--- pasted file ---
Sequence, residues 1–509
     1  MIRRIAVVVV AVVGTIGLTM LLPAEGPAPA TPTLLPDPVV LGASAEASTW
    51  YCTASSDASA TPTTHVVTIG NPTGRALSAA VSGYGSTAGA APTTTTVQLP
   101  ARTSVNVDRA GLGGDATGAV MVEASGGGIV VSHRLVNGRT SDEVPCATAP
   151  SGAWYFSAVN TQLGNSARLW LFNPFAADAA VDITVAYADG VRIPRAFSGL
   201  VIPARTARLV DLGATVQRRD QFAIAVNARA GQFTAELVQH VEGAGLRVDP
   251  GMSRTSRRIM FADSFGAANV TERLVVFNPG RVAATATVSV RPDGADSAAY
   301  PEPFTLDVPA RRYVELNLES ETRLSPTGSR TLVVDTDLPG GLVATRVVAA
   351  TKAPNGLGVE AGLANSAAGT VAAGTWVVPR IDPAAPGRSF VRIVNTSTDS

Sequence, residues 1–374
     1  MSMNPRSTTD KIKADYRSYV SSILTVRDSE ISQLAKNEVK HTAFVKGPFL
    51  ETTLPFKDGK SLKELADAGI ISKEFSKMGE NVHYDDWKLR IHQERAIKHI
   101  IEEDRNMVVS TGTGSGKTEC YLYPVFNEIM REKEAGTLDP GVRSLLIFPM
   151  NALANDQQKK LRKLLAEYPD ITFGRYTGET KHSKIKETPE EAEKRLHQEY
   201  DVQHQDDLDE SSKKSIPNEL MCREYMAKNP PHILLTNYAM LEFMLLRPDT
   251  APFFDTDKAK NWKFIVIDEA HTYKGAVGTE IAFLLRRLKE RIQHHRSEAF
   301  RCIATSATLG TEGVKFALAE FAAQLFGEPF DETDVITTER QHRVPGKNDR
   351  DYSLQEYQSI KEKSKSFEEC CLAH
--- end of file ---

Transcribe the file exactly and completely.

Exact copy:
Sequence, residues 1–509
     1  MIRRIAVVVV AVVGTIGLTM LLPAEGPAPA TPTLLPDPVV LGASAEASTW
    51  YCTASSDASA TPTTHVVTIG NPTGRALSAA VSGYGSTAGA APTTTTVQLP
   101  ARTSVNVDRA GLGGDATGAV MVEASGGGIV VSHRLVNGRT SDEVPCATAP
   151  SGAWYFSAVN TQLGNSARLW LFNPFAADAA VDITVAYADG VRIPRAFSGL
   201  VIPARTARLV DLGATVQRRD QFAIAVNARA GQFTAELVQH VEGAGLRVDP
   251  GMSRTSRRIM FADSFGAANV TERLVVFNPG RVAATATVSV RPDGADSAAY
   301  PEPFTLDVPA RRYVELNLES ETRLSPTGSR TLVVDTDLPG GLVATRVVAA
   351  TKAPNGLGVE AGLANSAAGT VAAGTWVVPR IDPAAPGRSF VRIVNTSTDS

Sequence, residues 1–374
     1  MSMNPRSTTD KIKADYRSYV SSILTVRDSE ISQLAKNEVK HTAFVKGPFL
    51  ETTLPFKDGK SLKELADAGI ISKEFSKMGE NVHYDDWKLR IHQERAIKHI
   101  IEEDRNMVVS TGTGSGKTEC YLYPVFNEIM REKEAGTLDP GVRSLLIFPM
   151  NALANDQQKK LRKLLAEYPD ITFGRYTGET KHSKIKETPE EAEKRLHQEY
   201  DVQHQDDLDE SSKKSIPNEL MCREYMAKNP PHILLTNYAM LEFMLLRPDT
   251  APFFDTDKAK NWKFIVIDEA HTYKGAVGTE IAFLLRRLKE RIQHHRSEAF
   301  RCIATSATLG TEGVKFALAE FAAQLFGEPF DETDVITTER QHRVPGKNDR
   351  DYSLQEYQSI KEKSKSFEEC CLAH